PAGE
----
Not content merely to bust my chops, C&F also felt compelled to burst my bubble by demonstrating that Urban Meyer mostly just restored what had become the status quo in the SEC East since the 1992 divisional split. While it was not news that the Gators are good (or that Georgia must resolve its own issues before being able to take advantage of others’ issues), C&F’s latter posting sparked an interesting comment thread that reminds us that, as Chris Fowler has noted, "BCS" stands for "better check the schedule."
Here are the 2011 conference slates for the four teams to have represented the Eastern Division in the Georgia Dome:
- Georgia: South Carolina (9/10), at Ole Miss (9/24), Mississippi State (10/1), at Tennessee (10/8), at Vanderbilt (10/15), Florida @ Jax (10/29), Auburn (11/12), Kentucky (11/19)
- Florida: Tennessee (9/17), at Kentucky (9/24), Alabama (10/1), at LSU (10/8), at Auburn (10/15), Georgia @ Jax (10/29), Vanderbilt (11/5), at South Carolina (11/12)
- South Carolina: at Georgia (9/10), Vanderbilt (9/24), Auburn (10/1), Kentucky (10/8), at Mississippi State (10/15), at Tennessee (10/29), at Arkansas (11/5), Florida (11/12)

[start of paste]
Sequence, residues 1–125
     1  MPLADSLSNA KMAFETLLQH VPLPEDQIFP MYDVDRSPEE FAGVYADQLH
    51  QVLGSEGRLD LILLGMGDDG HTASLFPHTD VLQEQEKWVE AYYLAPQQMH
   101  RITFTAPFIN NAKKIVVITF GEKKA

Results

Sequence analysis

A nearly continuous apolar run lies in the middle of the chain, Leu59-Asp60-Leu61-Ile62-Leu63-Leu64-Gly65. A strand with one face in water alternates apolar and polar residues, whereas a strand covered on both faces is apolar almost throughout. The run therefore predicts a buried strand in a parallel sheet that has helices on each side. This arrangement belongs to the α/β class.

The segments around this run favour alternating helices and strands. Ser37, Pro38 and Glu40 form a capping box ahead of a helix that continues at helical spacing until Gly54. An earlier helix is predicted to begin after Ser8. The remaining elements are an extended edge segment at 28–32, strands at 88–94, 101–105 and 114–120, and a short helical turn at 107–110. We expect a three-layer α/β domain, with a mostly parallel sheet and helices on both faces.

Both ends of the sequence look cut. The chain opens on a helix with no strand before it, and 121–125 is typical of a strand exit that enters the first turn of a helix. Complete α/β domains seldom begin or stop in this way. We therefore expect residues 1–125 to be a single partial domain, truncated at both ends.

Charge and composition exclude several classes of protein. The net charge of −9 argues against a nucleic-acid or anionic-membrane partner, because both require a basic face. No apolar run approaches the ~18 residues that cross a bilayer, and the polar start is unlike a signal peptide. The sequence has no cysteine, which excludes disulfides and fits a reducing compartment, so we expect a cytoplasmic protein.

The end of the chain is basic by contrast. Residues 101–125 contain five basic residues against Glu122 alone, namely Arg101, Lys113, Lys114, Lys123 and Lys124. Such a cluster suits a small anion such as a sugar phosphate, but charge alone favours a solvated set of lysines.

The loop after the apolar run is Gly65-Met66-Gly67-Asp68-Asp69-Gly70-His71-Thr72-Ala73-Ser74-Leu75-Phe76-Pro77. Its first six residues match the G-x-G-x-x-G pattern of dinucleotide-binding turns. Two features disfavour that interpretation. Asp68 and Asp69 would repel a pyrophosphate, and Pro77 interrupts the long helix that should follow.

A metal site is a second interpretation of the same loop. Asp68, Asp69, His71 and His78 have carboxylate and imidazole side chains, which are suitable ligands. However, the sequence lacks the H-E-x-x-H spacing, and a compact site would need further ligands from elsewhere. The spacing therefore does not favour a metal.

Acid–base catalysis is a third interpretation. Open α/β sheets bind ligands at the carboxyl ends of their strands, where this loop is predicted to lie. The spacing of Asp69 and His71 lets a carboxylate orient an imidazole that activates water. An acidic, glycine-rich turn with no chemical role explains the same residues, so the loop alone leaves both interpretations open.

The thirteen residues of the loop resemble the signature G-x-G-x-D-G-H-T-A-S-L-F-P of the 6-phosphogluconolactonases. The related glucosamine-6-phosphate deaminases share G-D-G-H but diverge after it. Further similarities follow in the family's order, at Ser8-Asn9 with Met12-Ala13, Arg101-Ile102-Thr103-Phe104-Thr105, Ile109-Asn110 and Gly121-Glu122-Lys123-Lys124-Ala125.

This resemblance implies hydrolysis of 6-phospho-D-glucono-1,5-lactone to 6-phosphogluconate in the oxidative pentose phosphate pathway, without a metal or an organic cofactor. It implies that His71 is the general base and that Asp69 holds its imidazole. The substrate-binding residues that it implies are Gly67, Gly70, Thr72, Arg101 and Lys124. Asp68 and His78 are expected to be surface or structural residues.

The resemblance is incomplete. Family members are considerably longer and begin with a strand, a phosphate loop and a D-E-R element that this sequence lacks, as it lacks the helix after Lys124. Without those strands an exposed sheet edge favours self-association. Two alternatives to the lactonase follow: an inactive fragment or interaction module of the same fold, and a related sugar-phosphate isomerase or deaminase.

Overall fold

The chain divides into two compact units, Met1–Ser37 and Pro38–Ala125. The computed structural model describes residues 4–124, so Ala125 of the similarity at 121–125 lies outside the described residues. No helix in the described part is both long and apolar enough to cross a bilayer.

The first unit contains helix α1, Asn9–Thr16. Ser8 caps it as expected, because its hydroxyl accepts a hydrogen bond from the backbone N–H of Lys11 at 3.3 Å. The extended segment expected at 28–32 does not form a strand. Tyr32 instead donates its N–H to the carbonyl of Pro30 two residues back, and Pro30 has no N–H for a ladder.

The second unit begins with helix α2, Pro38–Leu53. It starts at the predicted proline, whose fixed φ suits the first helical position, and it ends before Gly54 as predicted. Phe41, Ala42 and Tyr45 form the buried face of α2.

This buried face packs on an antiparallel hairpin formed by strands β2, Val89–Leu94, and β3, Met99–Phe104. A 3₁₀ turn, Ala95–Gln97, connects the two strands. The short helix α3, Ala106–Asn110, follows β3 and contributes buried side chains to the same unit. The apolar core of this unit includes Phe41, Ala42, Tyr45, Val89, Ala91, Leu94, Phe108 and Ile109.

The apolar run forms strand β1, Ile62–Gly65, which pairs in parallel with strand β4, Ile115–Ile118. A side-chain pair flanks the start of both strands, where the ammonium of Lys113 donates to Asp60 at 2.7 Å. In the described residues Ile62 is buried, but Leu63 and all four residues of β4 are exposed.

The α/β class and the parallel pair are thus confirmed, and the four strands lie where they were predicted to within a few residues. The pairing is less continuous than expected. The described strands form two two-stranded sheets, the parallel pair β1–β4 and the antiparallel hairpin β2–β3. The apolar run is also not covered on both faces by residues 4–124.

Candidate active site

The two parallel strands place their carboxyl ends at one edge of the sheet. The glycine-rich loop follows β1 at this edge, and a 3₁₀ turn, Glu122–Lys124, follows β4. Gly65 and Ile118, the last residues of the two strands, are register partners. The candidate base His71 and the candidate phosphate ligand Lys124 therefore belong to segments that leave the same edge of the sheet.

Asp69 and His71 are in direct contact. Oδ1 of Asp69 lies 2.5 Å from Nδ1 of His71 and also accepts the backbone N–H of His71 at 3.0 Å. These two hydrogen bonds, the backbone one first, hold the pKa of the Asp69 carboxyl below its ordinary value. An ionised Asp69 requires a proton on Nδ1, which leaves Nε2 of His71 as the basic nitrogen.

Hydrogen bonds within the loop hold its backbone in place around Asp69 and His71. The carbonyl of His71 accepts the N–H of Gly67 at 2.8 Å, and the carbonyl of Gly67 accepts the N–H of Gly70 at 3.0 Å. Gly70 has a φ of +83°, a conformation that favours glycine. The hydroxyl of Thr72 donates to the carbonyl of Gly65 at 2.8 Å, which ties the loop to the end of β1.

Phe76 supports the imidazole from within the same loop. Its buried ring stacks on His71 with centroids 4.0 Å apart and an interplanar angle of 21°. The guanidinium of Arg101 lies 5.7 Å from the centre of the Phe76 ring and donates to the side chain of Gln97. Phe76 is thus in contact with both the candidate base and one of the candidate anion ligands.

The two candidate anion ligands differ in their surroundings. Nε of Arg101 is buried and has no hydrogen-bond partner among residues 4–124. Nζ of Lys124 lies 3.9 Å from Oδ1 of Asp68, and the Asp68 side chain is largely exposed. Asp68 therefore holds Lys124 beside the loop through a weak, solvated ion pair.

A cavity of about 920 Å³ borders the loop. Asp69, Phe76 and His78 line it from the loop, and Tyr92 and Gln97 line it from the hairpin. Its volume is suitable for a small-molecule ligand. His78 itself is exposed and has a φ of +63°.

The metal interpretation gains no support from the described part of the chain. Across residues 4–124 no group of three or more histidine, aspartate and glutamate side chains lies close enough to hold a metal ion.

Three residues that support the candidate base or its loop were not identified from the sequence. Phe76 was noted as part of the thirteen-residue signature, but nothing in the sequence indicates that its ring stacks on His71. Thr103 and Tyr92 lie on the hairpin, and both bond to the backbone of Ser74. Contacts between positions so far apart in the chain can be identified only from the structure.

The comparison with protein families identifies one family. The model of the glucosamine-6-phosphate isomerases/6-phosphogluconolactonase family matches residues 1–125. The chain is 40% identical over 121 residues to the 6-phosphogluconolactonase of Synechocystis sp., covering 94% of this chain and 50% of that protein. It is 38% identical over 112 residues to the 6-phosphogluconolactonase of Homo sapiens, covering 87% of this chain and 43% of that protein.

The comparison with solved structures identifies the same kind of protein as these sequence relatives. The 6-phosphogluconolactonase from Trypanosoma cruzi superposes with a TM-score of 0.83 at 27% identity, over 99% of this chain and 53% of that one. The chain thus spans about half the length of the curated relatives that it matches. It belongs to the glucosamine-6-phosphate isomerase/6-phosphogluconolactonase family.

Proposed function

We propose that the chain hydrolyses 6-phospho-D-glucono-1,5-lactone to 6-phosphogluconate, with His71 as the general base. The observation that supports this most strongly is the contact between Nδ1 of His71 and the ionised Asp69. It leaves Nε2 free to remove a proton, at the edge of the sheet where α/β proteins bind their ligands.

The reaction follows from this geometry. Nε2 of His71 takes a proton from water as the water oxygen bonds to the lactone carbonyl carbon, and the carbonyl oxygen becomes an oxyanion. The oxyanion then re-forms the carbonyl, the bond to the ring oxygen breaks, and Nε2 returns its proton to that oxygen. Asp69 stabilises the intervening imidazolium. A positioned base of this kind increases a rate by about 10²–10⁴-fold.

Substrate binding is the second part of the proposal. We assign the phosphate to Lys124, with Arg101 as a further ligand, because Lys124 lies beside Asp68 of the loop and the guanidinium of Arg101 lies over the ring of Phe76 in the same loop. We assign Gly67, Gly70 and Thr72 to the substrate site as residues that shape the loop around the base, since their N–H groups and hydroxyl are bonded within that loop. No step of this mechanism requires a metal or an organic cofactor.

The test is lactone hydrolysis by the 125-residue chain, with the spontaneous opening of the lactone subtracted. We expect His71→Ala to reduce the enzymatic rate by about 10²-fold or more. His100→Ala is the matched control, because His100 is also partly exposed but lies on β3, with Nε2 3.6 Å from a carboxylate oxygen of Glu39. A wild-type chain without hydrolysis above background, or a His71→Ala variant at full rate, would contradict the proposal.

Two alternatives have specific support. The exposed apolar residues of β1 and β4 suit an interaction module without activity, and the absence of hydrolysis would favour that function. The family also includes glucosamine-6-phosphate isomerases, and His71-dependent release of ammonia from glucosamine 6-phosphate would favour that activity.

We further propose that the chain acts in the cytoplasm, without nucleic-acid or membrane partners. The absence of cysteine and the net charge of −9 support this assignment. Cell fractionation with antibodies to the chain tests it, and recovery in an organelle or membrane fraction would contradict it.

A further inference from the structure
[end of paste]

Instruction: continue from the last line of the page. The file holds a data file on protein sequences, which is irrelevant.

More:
- Tennessee: at Florida (9/17), Georgia (10/8), LSU (10/15), at Alabama (11/22), South Carolina (10/29), at Arkansas (11/12), Vanderbilt (11/19), at Kentucky (11/26)
The schedule seems to set up fairly well for the Red and Black. The Bulldogs have three true road games, against three of the league’s bottom four teams, whereas the other contenders each have four away games against SEC foes. Florida and Tennessee face 16th-ranked Alabama; Georgia does not. Florida and Tennessee face eleventh-ranked Louisiana State; Georgia does not. South Carolina and Tennessee face eighth-ranked Arkansas; Georgia does not.
In 2011, which figured to be a fairly wide-open year in the SEC East even before Coach Meyer’s retirement, the Bulldogs should benefit from a comparatively weak draw out of the other division, with two Western Division teams visiting Sanford Stadium, the Rebels coming off of a down year, and the likely losses of key figures on the roster or on the coaching staff for both Auburn and Mississippi State.
None of these are guarantees, of course; there certainly will be some surprises along the way, and there is no telling which teams will be better than expected. Nevertheless, the Red and Black have as favorable a conference schedule next season as any team in the Eastern Division, which ought to give the Bulldogs a distinct edge in the race to earn a place in the SEC Championship Game.
We know that next season will begin in the Georgia Dome. Three months later, it ought to end there, as well.